Red Sox

Statistically speaking, which players in baseball history do these Red Sox resemble?

Stephen Strasburg is loaded with talent but has been hindered by injuries.


Answer me this one, Fellow Lifelong Baseball Fan. Think a lineup that included these players in their prime or in the vicinity of it would be any good?

Miguel Tejada, Jim Edmonds, Joe Torre, a selected DiMaggio brother, and 1992 World Series MVP Pat Borders, with a pitching staff that included Orlando “El Duque” Hernandez and Stephen Strasburg?

Yes? No? Maybe? Who cares, we’ll never see it?

Well, in a certain way we kind of are seeing it, with the shiny new 2022 edition of the Boston Red Sox. The aforementioned players, and several others of, frankly, lesser renown, are the top historical statistical matches for certain Red Sox players at their current ages.

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The information comes from baseball-reference.com’s similarity scores, a formula developed by Bill James in the 1980s. It might be my favorite feature on the site, and I write this column every other year or so in an attempt to … well, mostly to have fun with the surprisingly unpredictable comparisons, but also hopefully to offer some context about where specific Red Sox players are in their careers and where they might be headed.

This time around, I kept it to the regular lineup and starting pitchers, since the Red Sox have a short bench and way, way too many nondescript relief pitchers.

Let’s hit those comparisons. And, yes, I’ll admit it: The comparison is to Vince DiMaggio …

Lineup

· Kiké Hernández

Comps through age 29: Jack Howell, Derek Dietrich, Trevor Plouffe

Howell, a third baseman who hit .239 with a .742 OPS and 108 home runs in 11 seasons primarily with the Angels, is actually Hernández’s top comparison at each age from 26 to 29. But remember, this is offense only. Hernández is a much better defender and baserunner than Howell ever was, which is one reason Hernandez’s Wins Above Replacement last season alone (4.9, per baseball-reference) was more than half of Howell’s career total (9.7).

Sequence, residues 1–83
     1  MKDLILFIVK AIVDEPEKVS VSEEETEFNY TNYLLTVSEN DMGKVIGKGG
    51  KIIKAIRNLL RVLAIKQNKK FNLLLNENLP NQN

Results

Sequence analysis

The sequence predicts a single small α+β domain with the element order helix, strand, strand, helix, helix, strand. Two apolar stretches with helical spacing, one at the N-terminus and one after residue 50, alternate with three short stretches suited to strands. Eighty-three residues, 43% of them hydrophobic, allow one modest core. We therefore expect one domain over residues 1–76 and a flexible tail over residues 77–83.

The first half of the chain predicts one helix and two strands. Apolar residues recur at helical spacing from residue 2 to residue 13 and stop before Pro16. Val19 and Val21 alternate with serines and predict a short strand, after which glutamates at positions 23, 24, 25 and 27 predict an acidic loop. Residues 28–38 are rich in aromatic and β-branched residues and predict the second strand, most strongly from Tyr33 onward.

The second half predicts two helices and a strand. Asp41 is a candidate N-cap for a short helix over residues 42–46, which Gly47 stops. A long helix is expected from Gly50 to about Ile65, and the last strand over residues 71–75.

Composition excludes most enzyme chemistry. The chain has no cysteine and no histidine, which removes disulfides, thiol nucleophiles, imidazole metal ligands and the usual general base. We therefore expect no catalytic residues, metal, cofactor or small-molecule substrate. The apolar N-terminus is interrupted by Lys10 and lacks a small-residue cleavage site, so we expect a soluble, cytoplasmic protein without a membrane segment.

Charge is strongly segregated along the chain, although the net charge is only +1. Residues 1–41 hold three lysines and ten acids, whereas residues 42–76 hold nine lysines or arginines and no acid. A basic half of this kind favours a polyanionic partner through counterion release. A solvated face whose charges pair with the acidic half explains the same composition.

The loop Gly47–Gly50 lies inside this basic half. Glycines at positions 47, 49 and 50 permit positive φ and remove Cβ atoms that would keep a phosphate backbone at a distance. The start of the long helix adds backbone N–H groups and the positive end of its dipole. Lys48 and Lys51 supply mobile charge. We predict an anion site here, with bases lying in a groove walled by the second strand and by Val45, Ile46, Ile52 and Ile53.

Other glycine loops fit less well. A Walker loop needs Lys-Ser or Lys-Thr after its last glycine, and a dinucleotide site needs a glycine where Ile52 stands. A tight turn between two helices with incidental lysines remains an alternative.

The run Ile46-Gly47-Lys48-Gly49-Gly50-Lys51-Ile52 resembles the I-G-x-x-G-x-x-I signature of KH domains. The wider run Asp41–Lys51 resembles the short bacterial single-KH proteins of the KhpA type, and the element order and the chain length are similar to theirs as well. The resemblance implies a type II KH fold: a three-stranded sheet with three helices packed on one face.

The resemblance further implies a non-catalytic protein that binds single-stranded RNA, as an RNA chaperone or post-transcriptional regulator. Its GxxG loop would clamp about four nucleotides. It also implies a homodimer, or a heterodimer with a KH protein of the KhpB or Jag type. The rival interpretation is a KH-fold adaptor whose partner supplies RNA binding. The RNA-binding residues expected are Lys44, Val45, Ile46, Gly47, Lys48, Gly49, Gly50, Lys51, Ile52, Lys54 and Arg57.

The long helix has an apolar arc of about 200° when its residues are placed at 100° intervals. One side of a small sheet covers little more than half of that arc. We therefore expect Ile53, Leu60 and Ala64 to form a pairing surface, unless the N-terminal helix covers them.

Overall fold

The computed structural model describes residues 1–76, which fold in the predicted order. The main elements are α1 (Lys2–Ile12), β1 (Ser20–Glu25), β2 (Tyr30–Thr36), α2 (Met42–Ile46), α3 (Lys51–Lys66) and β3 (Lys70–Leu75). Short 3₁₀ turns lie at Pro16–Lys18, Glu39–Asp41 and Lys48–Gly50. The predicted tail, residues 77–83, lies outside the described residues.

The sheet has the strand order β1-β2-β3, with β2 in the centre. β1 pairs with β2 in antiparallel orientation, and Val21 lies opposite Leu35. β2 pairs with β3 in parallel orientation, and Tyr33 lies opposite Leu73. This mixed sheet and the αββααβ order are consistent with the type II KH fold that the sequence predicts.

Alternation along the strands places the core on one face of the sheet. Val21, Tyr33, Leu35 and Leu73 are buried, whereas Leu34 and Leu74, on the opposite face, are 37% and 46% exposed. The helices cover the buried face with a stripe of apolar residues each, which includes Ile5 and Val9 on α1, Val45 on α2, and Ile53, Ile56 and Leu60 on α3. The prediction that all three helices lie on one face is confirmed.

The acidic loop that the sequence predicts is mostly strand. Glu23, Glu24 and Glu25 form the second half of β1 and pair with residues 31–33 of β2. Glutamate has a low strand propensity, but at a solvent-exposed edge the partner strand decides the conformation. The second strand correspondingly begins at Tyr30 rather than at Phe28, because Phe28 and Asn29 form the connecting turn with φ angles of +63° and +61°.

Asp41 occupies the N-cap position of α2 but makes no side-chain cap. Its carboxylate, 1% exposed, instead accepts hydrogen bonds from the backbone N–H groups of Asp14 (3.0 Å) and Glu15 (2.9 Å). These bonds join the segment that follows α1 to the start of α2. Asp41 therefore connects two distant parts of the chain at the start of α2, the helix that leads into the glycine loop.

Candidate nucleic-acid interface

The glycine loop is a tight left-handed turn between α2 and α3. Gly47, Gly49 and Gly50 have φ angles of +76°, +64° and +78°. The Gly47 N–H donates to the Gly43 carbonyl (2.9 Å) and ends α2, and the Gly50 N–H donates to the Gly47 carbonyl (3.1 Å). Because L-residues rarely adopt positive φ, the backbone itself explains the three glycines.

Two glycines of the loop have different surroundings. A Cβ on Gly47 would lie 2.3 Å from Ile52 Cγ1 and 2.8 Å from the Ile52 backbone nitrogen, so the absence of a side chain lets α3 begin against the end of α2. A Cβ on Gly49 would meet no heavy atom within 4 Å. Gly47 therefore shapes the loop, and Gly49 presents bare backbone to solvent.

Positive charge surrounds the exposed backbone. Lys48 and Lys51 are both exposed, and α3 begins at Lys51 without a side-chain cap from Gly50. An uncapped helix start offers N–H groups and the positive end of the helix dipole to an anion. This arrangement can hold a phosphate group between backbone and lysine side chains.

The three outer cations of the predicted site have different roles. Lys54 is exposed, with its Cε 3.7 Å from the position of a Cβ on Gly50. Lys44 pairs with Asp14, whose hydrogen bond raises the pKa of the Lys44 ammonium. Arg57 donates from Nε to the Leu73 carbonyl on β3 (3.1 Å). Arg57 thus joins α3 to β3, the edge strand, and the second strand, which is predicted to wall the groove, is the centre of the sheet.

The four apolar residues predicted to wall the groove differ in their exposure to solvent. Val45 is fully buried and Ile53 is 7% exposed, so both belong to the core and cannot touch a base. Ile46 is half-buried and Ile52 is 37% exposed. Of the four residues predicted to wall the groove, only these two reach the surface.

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· Rafael Devers

Comps through age 24: Eric Chavez, Bob Horner, Ryan Zimmerman

Devers has been so prolific at such a young age that I thought a few of the bold-type names in baseball history might show up on his list — perhaps, oh, Frank Robinson, or if you want to go with a third baseman, Chipper Jones.

But don’t mistake this for bad company. Chavez hit at least 29 home runs in a season four times, received MVP votes every year from 2002-05, and was right there with Scott Rolen and Adrian Beltre among the best defensive third basemen of his era before a back injury derailed his career.

· Xander Bogaerts

Comps through age 28: Joe Torre, Vern Stephens, Hanley Ramirez

Uh oh, does this mean Bogaerts is going to end up as a wise, likable-despite-the-rivalry Yankees manager someday? Torre found his way into Cooperstown after winning five World Series in the Bronx, but he was fringe Hall-worthy as a player, leading the National League in batting (.363) and hits (230) in 1971 and finishing his 18-year career with 252 home runs and a .297 average.

· J.D. Martinez

Comps through age 34: Jim Edmonds, Ryan Klesko, Tim Salmon

Am I the only one who forgot that Martinez led the American League in doubles last season with 42? He’s still a potent hitter, if a spot or two down the batting order from elite. He is a logical fit at this point in his career with those three players, all .285/.290-hitting types who would mash around 30 homers. Salmon, forever relegated now to being the second-best fish-themed outfielder in Angels lore, is a particularly fitting match.

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· Alex Verdugo

Comps through age 25: Terrence Long, Rip Repulski, Dmitri Young

Long was an adequate (career adjusted OPS: 90) center fielder for those mashing A’s teams of the early 2000s; Red Sox fans probably best remember him for robbing Manny Ramirez of an apparent walkoff home run with a leaping catch in front of the bullpen in 2002. We have not forgiven, Terrence.

Verdugo, who has basically replaced Andrew Benintendi’s production in two years with the Red Sox, has the talent to end up in better company than this.

· Trevor Story

Comps through age 28: Miguel Tejada, Javier Baez, Troy Tulowitzki

Interesting to see Tulowitzki, his de facto predecessor as the Rockies’ slugging shortstop, as a statistical parallel. Surprising, at least to me, is that this is a more impressive comp list than Bogaerts’s.

Tejada wasn’t really regarded as part of that A-Rod/Nomar/Captain Jeets vortex, but he put together some monster seasons for the A’s, winning the AL MVP in 2002 (.861 OPS, 34 homers, 131 RBIs) and driving in 150 runs in ‘04, when he finished fifth in the balloting.